A Very British Union Flag - The Symbol Of Union Which In Reality Is Anything But

As the year draws to a close our attention is drawn to the Scottish Referendum on 18th September 2014. If a "yes" vote is indicated at the polls then it is possible that there would be calls for a change to the union flag to remove Scotland's presence. One question that could be asked however is why Scotland has never really embraced the union flag as theirs in the same way in which England has done. 

Nick Groom is one of the foremost experts on the Union Flag and has written numerous papers and books on the subject. His insight into the history of our iconic emblem is second to none and his options as to why are covered in an article he did for the University College Dublin in 2010. Personally, we think this is fascinating!

The Union Flag is one of the most recognisable symbols of the UK. But while in other countries, such as France and the United States, the national flag is regarded as a source of pride, in recent years the Union Flag has all too often become the preserve of political extremists, a symbol of discord rather than harmony. On 7 July 2004, for example, Gordon Brown concluded the annual British Council lecture by promoting the flag:

“I believe [he said] that we should respond to the undermining of an inclusive citizenship by the British National Party by not only fighting their racism but by asserting at every opportunity that the union flag does not belong to a vicious minority, but is a flag for all Britain – symbolising inclusion, tolerance and unity; and that England, Scotland and Wales – whose celebration of national identity is to be welcomed and encouraged – should also honour not just their own flags but the union flag for the shared values it symbolises.”

Christine Grahame, a Nationalist MSP said ‘We don’t support it and neither do the vast majority of parents, teachers and children in Scotland. Gordon Brown is back peddling. One minute he [is] getting us to swear oaths of allegiance to Great Britain, and the next he’s saying we can fly the Saltire.’ Nick Bloom states that “To many the notion of dual nationalities, such as being both British and Scottish, was anathema. Under Brown, then, Britishness was not a cohesive identity, it was an identity in conflict – conflicts that focused on apparently irreconcilable differences between the four nations rather than on, say Black or Asian Britishness.”

He further comments that “The flag should at least be a reminder that Britain is a union between England, Scotland, Wales, and Northern Ireland, and .... it can be read both as a symbolic map and as the history of the union.” However, Paul Laity disagrees and wrote in The New Statesman that ‘No attempt to refresh the Union Jack will get rid of its stale odour of aristocracy and empire.” To some, however, it is even more straightforward than this. Nick Bloom found one news blog entry from a Scotsman who believes that the Union Flag is tainted by English associations:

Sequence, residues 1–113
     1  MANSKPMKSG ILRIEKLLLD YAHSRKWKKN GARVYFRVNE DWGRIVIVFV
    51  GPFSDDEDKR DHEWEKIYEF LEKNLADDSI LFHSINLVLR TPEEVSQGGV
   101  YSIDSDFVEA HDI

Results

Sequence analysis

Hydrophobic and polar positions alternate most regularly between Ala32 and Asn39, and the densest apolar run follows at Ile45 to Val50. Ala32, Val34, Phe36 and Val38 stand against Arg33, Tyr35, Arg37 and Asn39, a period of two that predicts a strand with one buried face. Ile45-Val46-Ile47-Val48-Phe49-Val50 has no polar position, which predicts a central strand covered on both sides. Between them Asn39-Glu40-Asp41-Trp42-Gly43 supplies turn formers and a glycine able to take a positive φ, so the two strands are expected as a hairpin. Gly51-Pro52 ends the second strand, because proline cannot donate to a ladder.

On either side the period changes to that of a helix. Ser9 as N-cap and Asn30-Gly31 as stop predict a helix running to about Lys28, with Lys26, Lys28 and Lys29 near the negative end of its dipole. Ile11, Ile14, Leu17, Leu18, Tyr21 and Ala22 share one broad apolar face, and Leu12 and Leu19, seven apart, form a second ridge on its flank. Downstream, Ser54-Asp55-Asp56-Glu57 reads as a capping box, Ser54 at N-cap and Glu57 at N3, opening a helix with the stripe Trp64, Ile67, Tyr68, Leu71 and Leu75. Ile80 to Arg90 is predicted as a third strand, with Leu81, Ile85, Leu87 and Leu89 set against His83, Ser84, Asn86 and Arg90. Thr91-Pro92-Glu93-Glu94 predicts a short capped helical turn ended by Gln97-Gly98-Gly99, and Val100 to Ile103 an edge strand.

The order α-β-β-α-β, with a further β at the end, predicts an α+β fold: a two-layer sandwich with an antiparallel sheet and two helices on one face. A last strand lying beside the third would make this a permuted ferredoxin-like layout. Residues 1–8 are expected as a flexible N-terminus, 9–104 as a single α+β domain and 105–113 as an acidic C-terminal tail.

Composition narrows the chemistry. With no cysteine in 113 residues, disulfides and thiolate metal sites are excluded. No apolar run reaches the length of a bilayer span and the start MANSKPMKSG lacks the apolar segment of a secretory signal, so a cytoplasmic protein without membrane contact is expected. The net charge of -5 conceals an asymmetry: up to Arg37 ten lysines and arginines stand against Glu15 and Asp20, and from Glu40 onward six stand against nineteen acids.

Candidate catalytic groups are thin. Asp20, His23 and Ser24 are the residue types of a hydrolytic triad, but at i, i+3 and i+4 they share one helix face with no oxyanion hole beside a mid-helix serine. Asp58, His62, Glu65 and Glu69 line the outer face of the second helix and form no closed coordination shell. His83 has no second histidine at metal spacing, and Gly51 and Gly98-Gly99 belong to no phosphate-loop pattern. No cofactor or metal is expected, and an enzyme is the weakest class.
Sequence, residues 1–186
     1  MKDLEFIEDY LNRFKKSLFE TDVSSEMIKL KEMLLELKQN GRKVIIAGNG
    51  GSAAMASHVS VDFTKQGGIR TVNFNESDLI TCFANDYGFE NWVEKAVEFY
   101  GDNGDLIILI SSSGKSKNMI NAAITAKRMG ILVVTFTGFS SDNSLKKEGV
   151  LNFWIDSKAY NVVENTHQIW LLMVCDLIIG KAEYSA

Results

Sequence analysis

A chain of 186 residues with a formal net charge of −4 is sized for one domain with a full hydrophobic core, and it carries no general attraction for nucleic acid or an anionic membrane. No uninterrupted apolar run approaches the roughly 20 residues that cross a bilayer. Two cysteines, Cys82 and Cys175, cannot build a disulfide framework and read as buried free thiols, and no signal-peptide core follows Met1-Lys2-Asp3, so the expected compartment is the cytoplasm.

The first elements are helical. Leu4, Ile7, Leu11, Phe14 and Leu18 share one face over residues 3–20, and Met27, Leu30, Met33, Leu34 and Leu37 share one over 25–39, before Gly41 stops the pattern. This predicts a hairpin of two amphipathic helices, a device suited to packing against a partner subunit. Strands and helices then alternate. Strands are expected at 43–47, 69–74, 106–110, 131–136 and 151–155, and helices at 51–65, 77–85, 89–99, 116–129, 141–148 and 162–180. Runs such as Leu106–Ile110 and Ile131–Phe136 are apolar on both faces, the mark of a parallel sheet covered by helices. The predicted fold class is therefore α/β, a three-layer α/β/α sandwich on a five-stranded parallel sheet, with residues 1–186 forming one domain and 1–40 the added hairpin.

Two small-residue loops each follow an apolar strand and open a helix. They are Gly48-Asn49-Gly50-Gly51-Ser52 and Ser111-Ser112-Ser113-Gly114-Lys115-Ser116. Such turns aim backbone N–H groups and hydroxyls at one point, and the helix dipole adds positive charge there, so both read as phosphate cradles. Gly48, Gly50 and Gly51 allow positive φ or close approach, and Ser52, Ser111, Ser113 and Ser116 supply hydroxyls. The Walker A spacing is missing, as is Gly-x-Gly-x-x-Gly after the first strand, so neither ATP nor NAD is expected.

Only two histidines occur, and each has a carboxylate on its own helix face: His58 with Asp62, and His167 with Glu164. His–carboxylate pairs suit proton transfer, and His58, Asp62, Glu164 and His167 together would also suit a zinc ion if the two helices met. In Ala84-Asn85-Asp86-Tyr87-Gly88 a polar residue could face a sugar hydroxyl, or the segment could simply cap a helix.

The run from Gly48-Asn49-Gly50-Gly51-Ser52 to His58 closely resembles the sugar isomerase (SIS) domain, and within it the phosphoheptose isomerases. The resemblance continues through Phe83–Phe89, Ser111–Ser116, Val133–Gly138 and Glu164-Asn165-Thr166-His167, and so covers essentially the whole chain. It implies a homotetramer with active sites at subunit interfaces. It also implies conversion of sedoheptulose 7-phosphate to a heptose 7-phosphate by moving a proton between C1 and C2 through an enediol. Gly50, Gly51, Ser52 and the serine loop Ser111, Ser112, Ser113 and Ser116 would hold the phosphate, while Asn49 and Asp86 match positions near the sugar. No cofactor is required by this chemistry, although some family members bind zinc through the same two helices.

“It was you lot on mass [he writes, sic] that went blindly flying only the Union Flag at England football matches, England cricket games, Ibiza sunbeds and anything else to do with England. That is a fact. No one said to do that! You declared then and there the whole of Britain = England. That’s why the rest won’t touch that flag.”

National Flags of England Scotland Ireland and Wales

Regardless of how the referendum vote goes, with views like this, it may be some time before the Union Flag is again seen as a symbol of unity, at least within these shores. ACKNOWLEDGEMENTS The whole of this article is taken from a paper written by Nick Groom entitled “Alright, Jack? Conflict and Cohesion in Britain, 2005-10” for the University College Dublin. A full transcript of such can be downloaded by clicking here.

In this paper, as the author of The Union Jack: The Story of the British Flag (2006) Nick brings that story up to the present day by surveying the past five years of 'Union Jackery', from Gordon Brown's initial enthusiasm for new definitions of Britishness through ongoing redefinitions of the iconic image of the flag to the almost complete absence of issues of national identity in the debates preceding the 2010 UK General Election.

Nick Groom is a professor in English at the University of Exeter (Cornwall Campus) and Director of the Exeter Centre for Literatures of Identity, Place, and Sustainability (ECLIPSE). He has written widely on national identity and is the author of The Union Jack: The Story of the British Flag (Atlantic, 2006).

Nick Groom's study of the union, The Union Jack: The Story of the British Flag, was first published in 2006 http://www.amazon.co.uk/The-Union-Jack-Biography/dp/1843543362 

A subsequent 2012 updated Kindle version can be found here: http://www.amazon.co.uk/Union-Jack-Story-British-Flag-ebook/dp/B00838AQNC

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